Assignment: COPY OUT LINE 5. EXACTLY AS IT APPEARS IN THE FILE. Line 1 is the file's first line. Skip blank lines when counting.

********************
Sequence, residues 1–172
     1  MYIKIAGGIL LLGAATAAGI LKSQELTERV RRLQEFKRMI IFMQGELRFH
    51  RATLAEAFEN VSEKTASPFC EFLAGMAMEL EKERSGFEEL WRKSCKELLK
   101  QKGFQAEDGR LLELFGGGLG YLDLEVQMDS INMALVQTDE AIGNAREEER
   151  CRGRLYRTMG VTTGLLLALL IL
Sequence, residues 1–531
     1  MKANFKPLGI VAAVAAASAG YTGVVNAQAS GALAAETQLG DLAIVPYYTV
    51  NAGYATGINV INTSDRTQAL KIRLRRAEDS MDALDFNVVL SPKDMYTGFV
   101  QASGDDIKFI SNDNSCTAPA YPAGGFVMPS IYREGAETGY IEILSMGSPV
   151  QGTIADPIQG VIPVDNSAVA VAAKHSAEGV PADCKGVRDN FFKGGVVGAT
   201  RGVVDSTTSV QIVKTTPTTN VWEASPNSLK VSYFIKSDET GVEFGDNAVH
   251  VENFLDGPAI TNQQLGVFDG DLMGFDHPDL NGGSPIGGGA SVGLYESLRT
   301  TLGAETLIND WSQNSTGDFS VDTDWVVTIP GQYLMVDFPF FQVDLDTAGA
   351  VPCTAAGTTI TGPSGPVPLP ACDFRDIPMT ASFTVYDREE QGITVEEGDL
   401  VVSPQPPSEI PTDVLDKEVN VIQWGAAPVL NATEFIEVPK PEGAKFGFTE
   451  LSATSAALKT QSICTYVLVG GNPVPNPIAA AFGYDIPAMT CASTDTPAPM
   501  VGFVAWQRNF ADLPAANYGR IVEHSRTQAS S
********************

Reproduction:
   151  CRGRLYRTMG VTTGLLLALL IL